Contrary to widespread speculations in some quarters that the Central Bank of Nigeria (CBN) is yet to work out modalities and timeline for the implementation of the new policy regime on food import restriction, the apex bank has revealed that the policy has since taken effect.
Giving this hint over the weekend was the Director, Corporate Communications at the CBN, Mr Isaac Okoroafor.
According to him, the government took that drastic measure in the interest of the national economic growth and development.
“The implementation started since 2015. We started by excluding 41 items; subsequently we included others, now we have eliminated all sorts of food import which we know that can easily be produced in Nigeria. The country cannot be food sufficient if we continue like this,” he recalled, adding, “There will never be an amendment because the issue is this, why should we be exporting jobs to other countries? Today we are complaining that there is a high rate of unemployment, leading to some extent of insecurity in the country, why should we allow people to import food that can be produced in the country?”
Pressed further, the CBN’s spokesman said, “We need to improve wealth in our rural communities and I am saying we will not change course, we will even be more aggressive on this programme. The move is an attempt to stop the importation of items that Nigeria has the capacity to produce, stressing that the country’s foreign reserves should not be wasted on importing food items.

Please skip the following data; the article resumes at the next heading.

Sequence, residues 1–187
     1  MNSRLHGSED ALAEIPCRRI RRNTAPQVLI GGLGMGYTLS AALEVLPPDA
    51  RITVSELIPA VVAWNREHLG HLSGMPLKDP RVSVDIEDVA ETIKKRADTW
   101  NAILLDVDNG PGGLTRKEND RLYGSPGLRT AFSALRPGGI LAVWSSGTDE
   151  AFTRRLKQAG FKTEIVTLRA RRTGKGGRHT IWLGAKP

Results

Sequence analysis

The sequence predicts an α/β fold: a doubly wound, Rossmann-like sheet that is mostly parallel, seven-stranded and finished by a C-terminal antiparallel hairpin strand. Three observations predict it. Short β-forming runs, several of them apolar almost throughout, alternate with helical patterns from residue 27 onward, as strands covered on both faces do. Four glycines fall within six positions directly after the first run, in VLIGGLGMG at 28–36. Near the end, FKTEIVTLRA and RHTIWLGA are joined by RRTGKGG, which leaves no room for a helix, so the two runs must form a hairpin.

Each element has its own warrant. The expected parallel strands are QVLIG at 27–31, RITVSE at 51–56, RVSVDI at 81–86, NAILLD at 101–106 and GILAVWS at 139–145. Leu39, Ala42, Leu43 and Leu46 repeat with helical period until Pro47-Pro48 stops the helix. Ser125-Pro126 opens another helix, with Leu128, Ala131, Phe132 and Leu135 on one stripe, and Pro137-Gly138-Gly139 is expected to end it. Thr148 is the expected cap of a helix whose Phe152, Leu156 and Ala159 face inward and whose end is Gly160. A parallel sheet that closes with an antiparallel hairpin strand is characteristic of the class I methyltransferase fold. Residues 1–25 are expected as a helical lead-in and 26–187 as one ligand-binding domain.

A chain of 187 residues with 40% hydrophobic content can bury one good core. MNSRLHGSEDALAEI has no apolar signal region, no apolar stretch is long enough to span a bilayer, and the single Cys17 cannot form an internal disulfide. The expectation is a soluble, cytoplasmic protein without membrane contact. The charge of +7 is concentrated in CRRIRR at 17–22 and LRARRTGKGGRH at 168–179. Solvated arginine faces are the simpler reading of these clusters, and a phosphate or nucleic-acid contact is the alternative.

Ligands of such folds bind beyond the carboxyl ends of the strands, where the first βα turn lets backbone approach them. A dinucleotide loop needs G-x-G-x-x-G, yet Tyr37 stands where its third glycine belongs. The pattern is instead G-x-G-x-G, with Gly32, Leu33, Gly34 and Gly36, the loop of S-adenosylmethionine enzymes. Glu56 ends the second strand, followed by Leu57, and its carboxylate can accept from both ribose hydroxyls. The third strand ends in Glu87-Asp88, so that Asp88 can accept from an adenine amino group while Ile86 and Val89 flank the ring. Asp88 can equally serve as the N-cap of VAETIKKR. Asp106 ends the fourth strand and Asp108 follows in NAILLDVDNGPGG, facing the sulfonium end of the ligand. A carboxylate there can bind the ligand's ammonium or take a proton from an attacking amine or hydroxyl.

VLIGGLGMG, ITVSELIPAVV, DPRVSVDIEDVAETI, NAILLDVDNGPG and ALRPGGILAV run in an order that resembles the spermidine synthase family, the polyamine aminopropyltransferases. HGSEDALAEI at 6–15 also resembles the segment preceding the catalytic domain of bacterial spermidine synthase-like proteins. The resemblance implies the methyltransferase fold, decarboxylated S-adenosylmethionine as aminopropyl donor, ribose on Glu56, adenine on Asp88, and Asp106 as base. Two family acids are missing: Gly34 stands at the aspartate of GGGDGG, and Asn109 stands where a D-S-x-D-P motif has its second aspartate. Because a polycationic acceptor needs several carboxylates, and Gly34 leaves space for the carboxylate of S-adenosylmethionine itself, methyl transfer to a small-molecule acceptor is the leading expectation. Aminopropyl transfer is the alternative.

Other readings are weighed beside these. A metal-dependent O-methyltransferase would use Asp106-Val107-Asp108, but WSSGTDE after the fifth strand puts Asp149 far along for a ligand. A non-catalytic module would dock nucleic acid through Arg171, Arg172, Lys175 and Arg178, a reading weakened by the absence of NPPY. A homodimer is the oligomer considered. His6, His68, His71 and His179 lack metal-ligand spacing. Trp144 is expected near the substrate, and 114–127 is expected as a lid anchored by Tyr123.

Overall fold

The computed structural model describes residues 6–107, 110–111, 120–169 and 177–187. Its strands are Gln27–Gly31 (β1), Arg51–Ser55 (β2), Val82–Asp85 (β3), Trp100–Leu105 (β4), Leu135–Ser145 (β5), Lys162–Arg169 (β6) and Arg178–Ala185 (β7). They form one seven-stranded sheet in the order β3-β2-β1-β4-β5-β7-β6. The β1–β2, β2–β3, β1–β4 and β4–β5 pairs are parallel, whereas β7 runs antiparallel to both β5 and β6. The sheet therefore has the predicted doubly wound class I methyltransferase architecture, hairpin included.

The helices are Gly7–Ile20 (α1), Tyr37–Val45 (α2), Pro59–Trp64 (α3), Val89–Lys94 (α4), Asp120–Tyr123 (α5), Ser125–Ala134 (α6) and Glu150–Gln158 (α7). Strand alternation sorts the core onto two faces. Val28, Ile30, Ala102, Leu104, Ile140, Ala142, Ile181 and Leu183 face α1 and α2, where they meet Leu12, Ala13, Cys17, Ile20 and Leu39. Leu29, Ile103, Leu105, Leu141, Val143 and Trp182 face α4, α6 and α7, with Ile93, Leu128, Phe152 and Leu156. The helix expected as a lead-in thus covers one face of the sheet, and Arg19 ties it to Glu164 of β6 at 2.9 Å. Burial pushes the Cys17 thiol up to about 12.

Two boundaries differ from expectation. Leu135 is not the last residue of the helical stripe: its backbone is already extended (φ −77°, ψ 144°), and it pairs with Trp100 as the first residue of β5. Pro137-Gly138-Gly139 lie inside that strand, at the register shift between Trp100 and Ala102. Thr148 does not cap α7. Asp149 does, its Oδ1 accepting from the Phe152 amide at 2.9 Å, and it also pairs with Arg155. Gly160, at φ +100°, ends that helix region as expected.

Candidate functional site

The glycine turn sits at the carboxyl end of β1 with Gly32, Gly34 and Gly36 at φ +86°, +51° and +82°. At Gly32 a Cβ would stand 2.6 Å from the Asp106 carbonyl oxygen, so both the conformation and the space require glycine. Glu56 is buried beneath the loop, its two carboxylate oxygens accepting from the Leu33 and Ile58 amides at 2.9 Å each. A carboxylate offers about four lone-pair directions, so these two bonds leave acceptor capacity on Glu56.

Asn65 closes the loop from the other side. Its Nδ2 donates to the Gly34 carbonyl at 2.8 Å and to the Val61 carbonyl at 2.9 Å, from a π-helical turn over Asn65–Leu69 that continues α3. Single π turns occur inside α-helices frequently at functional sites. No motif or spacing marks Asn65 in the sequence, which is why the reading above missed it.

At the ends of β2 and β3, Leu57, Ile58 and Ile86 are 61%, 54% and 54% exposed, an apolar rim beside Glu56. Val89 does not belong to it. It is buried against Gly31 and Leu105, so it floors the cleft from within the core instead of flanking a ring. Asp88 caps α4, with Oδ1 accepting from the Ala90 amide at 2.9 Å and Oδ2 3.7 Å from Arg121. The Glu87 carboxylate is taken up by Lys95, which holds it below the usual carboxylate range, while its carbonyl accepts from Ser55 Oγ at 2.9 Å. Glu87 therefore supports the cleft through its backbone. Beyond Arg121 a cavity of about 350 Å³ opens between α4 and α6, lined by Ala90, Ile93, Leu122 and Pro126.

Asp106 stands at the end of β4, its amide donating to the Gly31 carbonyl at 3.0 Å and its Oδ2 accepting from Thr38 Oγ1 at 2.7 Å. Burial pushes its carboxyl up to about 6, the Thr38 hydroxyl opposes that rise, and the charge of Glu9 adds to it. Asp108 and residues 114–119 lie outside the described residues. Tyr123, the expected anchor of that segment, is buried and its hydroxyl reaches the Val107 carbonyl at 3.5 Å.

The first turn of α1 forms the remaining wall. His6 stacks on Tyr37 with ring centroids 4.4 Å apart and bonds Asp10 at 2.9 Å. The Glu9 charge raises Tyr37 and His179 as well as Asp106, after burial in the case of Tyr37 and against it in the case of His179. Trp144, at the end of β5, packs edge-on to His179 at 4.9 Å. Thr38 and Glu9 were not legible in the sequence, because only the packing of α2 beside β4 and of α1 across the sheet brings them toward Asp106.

“If you recall, we started with about 41 items (food and non-food items), because we believe that those items can be produced in the country. As we stand today, there are about 43 items on that list and I will say substantially most of them are food items.”
It may be recalled that President Muhammadu Buhari had recently instructed the CBN to stop providing foreign currency for food imports, according to a statement from his spokesman.
Presidential spokesman Garba Shehu said the move was aimed at improving Nigeria’s agricultural production and attaining more food security.
President Buhari was quoted as saying, “Don’t give a cent to anybody to import food into the country.”
Nigeria is currently Africa’s largest producer of oil and relies on the sale of crude oil for about 90% of its foreign-exchange earnings.
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